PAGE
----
Therapeutic intervention and surgery of acute pancreatitis

Hodaka Amano, Tadahiro Takada, Shuji Isaji, Yoshifumi Takeyama, Koichi Hirata, Masahiro Yoshida, Toshihiko Mayumi, Eigoro Yamanouchi, Toshifumi Gabata, Masumi Kadoya, Takayuki Hattori, Masahiko Hirota, Yasutoshi Kimura, Kazunori Takeda, Keita Wada, Miho Sekimoto, Seiki Kiriyama, Masamichi Yokoe, Morihisa Hirota, Shinju Arata
Journal of Hepato-biliary-pancreatic Sciences 2010, 17 (1): 53-9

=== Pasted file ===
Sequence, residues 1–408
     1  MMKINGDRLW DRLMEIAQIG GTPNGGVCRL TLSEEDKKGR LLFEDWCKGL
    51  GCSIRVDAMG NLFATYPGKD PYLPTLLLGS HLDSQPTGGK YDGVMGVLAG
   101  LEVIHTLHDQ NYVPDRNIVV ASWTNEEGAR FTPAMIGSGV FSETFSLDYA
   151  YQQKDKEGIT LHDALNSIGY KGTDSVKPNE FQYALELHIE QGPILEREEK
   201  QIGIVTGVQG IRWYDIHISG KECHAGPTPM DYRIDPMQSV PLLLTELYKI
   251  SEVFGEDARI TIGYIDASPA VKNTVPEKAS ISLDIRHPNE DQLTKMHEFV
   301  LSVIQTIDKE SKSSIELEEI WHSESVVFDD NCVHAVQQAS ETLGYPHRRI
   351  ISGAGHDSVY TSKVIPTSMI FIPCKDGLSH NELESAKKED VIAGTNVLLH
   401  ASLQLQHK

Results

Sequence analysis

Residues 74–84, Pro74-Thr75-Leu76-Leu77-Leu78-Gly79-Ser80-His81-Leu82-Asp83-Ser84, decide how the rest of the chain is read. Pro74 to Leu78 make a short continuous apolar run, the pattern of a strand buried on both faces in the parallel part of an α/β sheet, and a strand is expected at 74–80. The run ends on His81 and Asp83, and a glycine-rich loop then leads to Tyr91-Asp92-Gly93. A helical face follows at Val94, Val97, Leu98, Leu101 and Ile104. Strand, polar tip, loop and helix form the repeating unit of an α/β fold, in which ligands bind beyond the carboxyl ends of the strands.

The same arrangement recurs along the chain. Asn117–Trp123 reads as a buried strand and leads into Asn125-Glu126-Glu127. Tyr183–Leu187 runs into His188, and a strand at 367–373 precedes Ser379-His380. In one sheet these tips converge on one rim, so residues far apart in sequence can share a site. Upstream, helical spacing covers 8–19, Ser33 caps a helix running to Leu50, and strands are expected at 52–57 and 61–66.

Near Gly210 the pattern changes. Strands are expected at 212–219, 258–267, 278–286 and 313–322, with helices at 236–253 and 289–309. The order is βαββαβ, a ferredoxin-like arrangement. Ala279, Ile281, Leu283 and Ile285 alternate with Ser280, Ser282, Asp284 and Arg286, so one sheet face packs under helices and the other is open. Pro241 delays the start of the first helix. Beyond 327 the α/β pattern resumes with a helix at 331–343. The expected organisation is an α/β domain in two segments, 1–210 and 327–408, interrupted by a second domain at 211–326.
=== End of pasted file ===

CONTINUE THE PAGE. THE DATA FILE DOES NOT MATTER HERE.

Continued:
The clinical course of acute pancreatitis varies from mild to severe. Assessment of severity and etiology of acute pancreatitis is important to determine the strategy of management for acute pancreatitis. Acute pancreatitis is classified according to its morphology into edematous pancreatitis and necrotizing pancreatitis. Edematous pancreatitis accounts for 80-90% of acute pancreatitis and remission can be achieved in most of the patients without receiving any special treatment. Necrotizing pancreatitis occupies 10-20% of acute pancreatitis and the mortality rate is reported to be 14-25%. The mortality rate is particularly high (34-40%) for infected pancreatic necrosis that is accompanied by bacterial infection in the necrotic tissue of the pancreas (Widdison and Karanjia in Br J Surg 80:148-154, 1993; Ogawa et al. in Research of the actual situations of acute pancreatitis. Research Group for Specific Retractable Diseases, Specific Disease Measure Research Work Sponsored by Ministry of Health, Labour, and Welfare. Heisei 12 Research Report, pp 17-33, 2001). On the other hand, the mortality rate is reported to be 0-11% for sterile pancreatic necrosis which is not accompanied by bacterial infection (Ogawa et al. 2001; Bradely and Allen in Am J Surg 161:19-24, 1991; Rattner et al. in Am J Surg 163:105-109, 1992). The Japanese (JPN) Guidelines were designed to provide recommendations regarding the management of acute pancreatitis in patients having a variety of clinical characteristics. This article describes the guidelines for the surgical management and interventional therapy of acute pancreatitis by incorporating the latest evidence for the management of acute pancreatitis in the Japanese-language version of JPN guidelines 2010. Eleven clinical questions (CQ) are proposed: (1) worsening clinical manifestations and hematological data, positive blood bacteria culture test, positive blood endotoxin test, and the presence of gas bubbles in and around the pancreas on CT scan are indirect findings of infected pancreatic necrosis; (2) bacteriological examination by fine needle aspiration is useful for making a definitive diagnosis of infected pancreatic necrosis; (3) conservative treatment should be performed in sterile pancreatic necrosis; (4) infected pancreatic necrosis is an indication for interventional therapy. However, conservative treatment by antibiotic administration is also available in patients who are in stable general condition; (5) early surgery for necrotizing pancreatitis is not recommended, and it should be delayed as long as possible; (6) necrosectomy is recommended as a surgical procedure for infected necrosis; (7) after necrosectomy, a long-term follow-up paying attention to pancreatic function and complications including the stricture of the bile duct and the pancreatic duct is necessary; (8) drainage including percutaneous, endoscopic and surgical procedure should be performed for pancreatic abscess; (9) if the clinical findings of pancreatic abscess are not improved by percutaneous or endoscopic drainage, surgical drainage should be performed; (10) interventional treatment should be performed for pancreatic pseudocysts that give rise to symptoms, accompany complications or increase the diameter of cysts and (11) percutaneous drainage, endoscopic drainage or surgical procedures are selected in accordance with the conditions of individual cases.

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